Tmux is capable of detached and nested sessions. Tmux is resistant to X11 crashes and dropped network connections. Each 'session' can contain it's own environment. We can customize each of these sessions to fit our specific languages. If you need more help, see:

$ man tmux

here are the default tmux keybindings. The semantics is similar to emacs. The C- means "press the control key at the same time as the key after the dash". The M- means "press the meta (alt) key at the same time as the key after the dash".

Each command is ran by first typing the prefix combination, releasing the prefix keys, then typing the corresponding command key. For example: to detach a session, run C-b d. To add a window, run C-b c

C-b Send the prefix key (C-b) through to the application.
C-o Rotate the panes in the current window forwards.
C-z Suspend the tmux client.
! Break the current pane out of the window.
" Split the current pane into two, top and bottom.
# List all paste buffers.
$ Rename the current session.
% Split the current pane into two, left and right.
& Kill the current window.
' Prompt for a window index to select.
( Switch the attached client to the previous session.
) Switch the attached client to the next session.
, Rename the current window.
- Delete the most recently copied buffer of text.
. Prompt for an index to move the current window.
0 to 9 Select windows 0 to 9.
: Enter the tmux command prompt.
; Move to the previously active pane.
= Choose which buffer to paste interactively from a list.
? List all key bindings.
D Choose a client to detach.
L Switch the attached client back to the last session.
[ Enter copy mode to copy text or view the history.
] Paste the most recently copied buffer of text.
c Create a new window.
d Detach the current client.
f Prompt to search for text in open windows.
i Display some information about the current window.
l Move to the previously selected window.
m Mark the current pane (see select-pane -m).
M Clear the marked pane.
n Change to the next window.
o Select the next pane in the current window.
p Change to the previous window.
q Briefly display pane indexes.
r Force redraw of the attached client.
s Select a new session for the attached client interactively.
t Show the time.
w Choose the current window interactively.
x Kill the current pane.
z Toggle zoom state of the current pane.
{ Swap the current pane with the previous pane.
} Swap the current pane with the next pane.
~ Show previous messages from tmux, if any.
Page Up Enter copy mode and scroll one page up.
Up, Down, Left, Right Change to the pane above, below, to the left, or to the right of the current pane.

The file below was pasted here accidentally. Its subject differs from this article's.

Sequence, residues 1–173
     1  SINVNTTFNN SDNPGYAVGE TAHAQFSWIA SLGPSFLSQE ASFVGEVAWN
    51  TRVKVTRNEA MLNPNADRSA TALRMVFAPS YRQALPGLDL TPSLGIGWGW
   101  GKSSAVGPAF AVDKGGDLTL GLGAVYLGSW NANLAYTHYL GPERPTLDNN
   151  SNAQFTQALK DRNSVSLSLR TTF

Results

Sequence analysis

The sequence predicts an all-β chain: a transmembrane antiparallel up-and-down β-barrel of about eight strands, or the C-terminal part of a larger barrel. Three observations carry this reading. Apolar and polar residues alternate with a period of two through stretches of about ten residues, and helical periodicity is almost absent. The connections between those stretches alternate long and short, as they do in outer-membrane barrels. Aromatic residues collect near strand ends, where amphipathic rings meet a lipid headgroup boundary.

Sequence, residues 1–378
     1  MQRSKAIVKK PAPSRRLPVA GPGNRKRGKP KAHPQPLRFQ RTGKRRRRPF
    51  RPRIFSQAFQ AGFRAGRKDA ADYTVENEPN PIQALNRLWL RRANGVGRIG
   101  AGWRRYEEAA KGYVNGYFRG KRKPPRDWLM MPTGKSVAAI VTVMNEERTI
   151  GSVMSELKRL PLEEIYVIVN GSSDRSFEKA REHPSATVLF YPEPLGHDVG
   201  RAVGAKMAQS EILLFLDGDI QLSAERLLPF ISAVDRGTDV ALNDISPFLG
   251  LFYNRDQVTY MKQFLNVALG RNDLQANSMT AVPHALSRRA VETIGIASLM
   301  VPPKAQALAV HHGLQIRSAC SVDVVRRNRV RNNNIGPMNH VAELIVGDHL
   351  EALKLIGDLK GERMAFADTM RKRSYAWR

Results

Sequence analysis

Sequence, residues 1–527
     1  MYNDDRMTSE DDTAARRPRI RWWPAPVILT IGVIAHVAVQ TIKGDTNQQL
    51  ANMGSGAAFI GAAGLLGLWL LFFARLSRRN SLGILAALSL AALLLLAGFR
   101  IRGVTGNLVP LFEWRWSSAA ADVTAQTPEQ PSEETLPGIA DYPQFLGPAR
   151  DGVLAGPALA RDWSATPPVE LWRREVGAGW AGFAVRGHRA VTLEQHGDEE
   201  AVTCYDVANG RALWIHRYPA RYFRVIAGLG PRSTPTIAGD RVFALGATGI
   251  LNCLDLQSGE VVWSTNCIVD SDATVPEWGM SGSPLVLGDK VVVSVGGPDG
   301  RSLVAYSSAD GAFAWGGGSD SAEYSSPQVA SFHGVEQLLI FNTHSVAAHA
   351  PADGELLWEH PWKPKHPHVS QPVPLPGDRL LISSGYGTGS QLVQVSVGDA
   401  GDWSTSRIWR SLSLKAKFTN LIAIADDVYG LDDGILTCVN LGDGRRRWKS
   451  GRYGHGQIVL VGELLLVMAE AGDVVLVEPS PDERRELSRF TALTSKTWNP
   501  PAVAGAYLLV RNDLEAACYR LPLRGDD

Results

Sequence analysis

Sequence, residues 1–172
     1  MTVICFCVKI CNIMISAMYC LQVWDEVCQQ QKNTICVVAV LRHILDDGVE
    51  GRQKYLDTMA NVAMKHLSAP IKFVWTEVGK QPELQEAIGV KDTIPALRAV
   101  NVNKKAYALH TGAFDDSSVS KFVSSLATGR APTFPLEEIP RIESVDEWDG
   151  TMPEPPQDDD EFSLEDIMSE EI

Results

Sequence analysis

M-1 to M- Arrange panes in one of the five preset layouts: even-horizontal, even-vertical, main-horizontal, main-verti‐cal, or tiled.
Space Arrange the current window in the next preset layout.
M-n Move to the next window with a bell or activity marker.
M-o Rotate the panes in the current window backwards.
M-p Move to the previous window with a bell or activity marker.
C-Up, C-Down, C-Left, C-Right Resize the current pane in steps of one cell.
M-Up, M-Down ,M-Left, M-Right Resize the current pane in steps of five cells.

Sample tmux scripts

This tmux session will start a PHP dev server, a shell, an editor, filemanager, sftp connection, and web browser at startup time.


cd ~/src/mysite

# check if php session exists
tmux has-session -t php &> /dev/null

# if php sesison does not exist, create it
if [ $? -ne 0 ]
	tmux new-session -s php -n script -d -n "testserver" "php -S localhost:8080"
	tmux new-window -d -n "shell" 	$SHELL
	tmux new-window -d -n "editor"  "vim ./"
	tmux new-window -d -n "files"  	"mc ./"
	tmux new-window -d -n "remote"  "sftp webmaster@my-server.tld"
	tmux new-window -d -n "www" 	"w3m http://localhost:8080"

# attach session
tmux attach -t php

This C session opens various tmux windows and includes split panes, one for the editor and one for the debugger. This is most powerful when combined with a makefile.


cd ~/src/

# check if c session exists
tmux has-session -t c &> /dev/null

# if php sesison does not exist, create it
if [ $? -ne 0 ]
	tmux new-session  -s c -n script -d -n "manpages"
	tmux new-window   -d -n "shell" 	"$SHELL"
	tmux new-window   -d -n "editor"  	"vim ./"
	tmux split-window -d    		"gdb"
	tmux new-window   -d -n "mkdb"  	"$SHELL"

# attach session
tmux attach -t c

This tmux session will ssh into all of your servers, each in their own pane. This is useful for checking stats. Since tmux sessions can be nested, you can log in to your remote server and re-attach a long running process.


cd ~/src/

# check if php session exists
tmux has-session -t servers &> /dev/null

# if php sesison does not exist, create it
if [ $? -ne 0 ]
	tmux new-session -s servers -n script -d -n "freebsd" "ssh sysadmin@my-domain.tld 'zpool list && zfs list'"
	tmux split-window -d  "freebsd" "ssh sysadmin@my-domain"
	tmux new-window -d -n "linux" 	"ssh sysadmin@my-other-domain 'top'"
	tmux split-window -d  "linux" 	"ssh sysadmin@my-domain"

# attach session
tmux attach -t servers 

A graphical window with 50 tabs and 45 different buttons that all do basically the same thing is unnecessary. Minimalism == productivity.

Making the scripts easy to use

~/bin or ~/.local/bin is where these short shell scripts should go. This should be added to the shell's $PATH variable. This is shell dependent. In bash, it's simple.

$ echo PATH=\$PATH:~/bin >> ~/.bashrc